For several days I have been coaching my son for his final secondary school exams. I dusted off my notions about quadratic equations, formulas for calculating the area of a pyramid, and factoring. After more than twenty years of not encountering these mathematical complexities, I reconnected neurons to help him prepare and to avoid paying the high price of a tutor. More than once, during these days of study, I was on the verge of giving up, faced with the evidence that numbers are not my forte. But I resisted. Only when Teo returned from his most difficult test, saying he’d done well, did I feel relieved, as many of his classmates are in danger of repeating a grade. The reason is that in their three years of middle school, these students have seen three different evaluation methods paraded before them. They have also been affected by the lack of preparation of the so-called “emerging teachers” and the long hours of classes taught by television. For two semesters my son’s group has had no teachers in English and computing, and the assigned hour of physical education consists of an hour of running around the schoolyard, unsupervised. The lack of requirements and the bad quality of the education has left us parents trying to put patches over the innumerable gaps in knowledge.
Fortunately, Teo’s school is not one of the worst. Although the smell of the bathroom sticks to the walls and clothes, because no one wants to work as a cleaning aid for the miserable wages the job pays, at least there is not as much haphazardness as in other schools in Havana. Nor, and this is a relief, do they sell grades, an ever more common practice in educational institutions. The teachers Teo has had, despite being ill-prepared, are good-natured people whom the community of parents have tried to help. In comparison with the problems that a friend of mine has had with her daughter’s technical school, we could not be happier with the moral environment of our son’s secondary school. According to what my friend tells me, the exchange of sex between the teenagers and the teachers has become a common way to get a good grade. Each test comes with a fee, and few remain unscathed in the face of the tempting offer of a cell phone or a pair of Adidas shoes, in exchange for outstanding grades.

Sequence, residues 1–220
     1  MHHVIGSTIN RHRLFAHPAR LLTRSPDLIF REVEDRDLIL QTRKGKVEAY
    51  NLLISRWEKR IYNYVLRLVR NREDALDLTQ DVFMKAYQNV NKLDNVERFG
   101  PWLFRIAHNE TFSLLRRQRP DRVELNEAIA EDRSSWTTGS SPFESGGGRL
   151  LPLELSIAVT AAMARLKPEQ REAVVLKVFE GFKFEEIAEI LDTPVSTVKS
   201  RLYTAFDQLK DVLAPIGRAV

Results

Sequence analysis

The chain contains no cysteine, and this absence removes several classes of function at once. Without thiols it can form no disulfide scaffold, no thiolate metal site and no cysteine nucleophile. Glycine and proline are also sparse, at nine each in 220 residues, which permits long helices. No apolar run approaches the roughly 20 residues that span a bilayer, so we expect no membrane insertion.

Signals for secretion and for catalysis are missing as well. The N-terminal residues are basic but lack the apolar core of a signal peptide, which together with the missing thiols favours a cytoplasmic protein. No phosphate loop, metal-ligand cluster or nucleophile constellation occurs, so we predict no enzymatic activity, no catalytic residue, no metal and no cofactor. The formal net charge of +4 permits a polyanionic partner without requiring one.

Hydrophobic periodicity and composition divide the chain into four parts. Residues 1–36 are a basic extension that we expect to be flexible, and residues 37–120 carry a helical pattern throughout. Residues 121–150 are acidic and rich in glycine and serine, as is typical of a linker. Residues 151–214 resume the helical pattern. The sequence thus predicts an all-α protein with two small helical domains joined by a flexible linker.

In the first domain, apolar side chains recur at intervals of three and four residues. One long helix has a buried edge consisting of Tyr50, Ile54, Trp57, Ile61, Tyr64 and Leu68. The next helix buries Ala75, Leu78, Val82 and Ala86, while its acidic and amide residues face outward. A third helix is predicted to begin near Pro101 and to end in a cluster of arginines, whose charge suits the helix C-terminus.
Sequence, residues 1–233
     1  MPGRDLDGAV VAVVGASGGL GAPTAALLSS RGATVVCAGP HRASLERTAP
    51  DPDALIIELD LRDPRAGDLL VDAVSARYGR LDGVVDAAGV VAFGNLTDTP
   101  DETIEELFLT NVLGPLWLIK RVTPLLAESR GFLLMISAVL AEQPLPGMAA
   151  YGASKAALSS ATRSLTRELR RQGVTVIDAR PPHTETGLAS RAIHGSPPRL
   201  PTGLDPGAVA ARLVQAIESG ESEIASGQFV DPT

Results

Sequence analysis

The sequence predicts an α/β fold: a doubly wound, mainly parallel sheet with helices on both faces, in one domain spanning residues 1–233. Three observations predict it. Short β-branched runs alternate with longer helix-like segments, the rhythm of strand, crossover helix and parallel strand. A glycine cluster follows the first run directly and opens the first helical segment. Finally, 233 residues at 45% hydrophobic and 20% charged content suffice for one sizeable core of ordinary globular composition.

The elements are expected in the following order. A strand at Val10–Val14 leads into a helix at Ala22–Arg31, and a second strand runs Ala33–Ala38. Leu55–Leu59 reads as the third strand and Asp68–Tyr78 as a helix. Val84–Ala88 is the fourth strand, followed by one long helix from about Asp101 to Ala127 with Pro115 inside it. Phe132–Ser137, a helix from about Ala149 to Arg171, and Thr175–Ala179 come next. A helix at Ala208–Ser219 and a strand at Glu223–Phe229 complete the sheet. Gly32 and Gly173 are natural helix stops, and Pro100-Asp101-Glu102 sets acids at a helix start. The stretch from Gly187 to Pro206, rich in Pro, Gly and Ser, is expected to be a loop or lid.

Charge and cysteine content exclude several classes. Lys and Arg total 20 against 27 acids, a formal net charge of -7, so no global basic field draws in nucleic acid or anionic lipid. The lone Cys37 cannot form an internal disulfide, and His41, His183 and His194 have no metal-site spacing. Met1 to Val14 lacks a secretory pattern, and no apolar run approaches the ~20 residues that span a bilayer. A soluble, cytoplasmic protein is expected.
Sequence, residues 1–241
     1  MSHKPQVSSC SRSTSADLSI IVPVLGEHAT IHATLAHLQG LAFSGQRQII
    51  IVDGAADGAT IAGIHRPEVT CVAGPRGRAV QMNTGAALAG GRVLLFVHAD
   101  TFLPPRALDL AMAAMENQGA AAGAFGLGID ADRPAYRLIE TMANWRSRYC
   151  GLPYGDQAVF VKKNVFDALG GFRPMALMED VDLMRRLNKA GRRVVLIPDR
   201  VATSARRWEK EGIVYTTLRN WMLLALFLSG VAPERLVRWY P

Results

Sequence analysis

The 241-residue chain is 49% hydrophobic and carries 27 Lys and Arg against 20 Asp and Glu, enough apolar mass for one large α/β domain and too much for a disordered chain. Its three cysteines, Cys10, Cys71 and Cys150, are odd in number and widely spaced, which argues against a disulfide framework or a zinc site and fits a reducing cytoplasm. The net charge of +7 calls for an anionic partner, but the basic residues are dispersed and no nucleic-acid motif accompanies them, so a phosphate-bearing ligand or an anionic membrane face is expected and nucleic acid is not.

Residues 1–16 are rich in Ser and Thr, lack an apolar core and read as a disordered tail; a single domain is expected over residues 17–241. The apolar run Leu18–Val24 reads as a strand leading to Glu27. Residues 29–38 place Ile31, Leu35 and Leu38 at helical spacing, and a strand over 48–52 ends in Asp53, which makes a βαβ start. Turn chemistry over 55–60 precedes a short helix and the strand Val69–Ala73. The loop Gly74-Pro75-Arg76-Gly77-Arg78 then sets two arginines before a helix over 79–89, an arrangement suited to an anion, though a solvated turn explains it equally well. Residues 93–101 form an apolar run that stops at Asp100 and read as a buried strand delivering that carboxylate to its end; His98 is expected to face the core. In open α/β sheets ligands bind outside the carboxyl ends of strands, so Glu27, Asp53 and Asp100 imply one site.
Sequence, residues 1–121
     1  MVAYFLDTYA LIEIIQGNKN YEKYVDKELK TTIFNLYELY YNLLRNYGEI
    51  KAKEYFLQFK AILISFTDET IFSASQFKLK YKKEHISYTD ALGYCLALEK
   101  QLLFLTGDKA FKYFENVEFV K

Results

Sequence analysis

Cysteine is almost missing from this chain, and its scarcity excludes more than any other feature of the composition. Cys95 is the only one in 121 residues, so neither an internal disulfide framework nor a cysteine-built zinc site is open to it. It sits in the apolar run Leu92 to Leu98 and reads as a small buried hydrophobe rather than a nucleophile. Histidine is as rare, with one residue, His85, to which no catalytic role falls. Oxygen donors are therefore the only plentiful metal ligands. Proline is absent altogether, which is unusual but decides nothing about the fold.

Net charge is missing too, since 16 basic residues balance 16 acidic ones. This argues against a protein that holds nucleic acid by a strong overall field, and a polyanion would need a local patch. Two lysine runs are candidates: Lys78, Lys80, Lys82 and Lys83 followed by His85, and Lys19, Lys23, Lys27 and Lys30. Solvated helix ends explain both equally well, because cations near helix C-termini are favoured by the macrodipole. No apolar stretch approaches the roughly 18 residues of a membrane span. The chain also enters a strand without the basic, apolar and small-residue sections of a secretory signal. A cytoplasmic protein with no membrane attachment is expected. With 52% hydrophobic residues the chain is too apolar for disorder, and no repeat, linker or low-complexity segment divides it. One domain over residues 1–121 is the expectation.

I have avoided writing about this thorny issue of the deterioration of the educational system for fear, I confess, that my child would feel the affects of the opinions of his mother. In the three years he has been in junior high, I’ve barely slipped in a couple of criticisms about the state of the school infrastructure, but now I can’t take it any more. They will be the professionals of tomorrow, the doctors who will attend to our bodies in the operating room, the engineers who will build our houses, the artists who will feed our souls with their creations; this terrible educational background puts all of this at risk. We cannot continue to be satisfied with the fact that at least while our children are sitting at a desk they are not roaming the streets at the mercy other risks. Within the walls of the classroom very serious vices can be developed, permanent ethical deformations, and an incubation of mediocrity of alarming proportions. No parent should remain silent about it.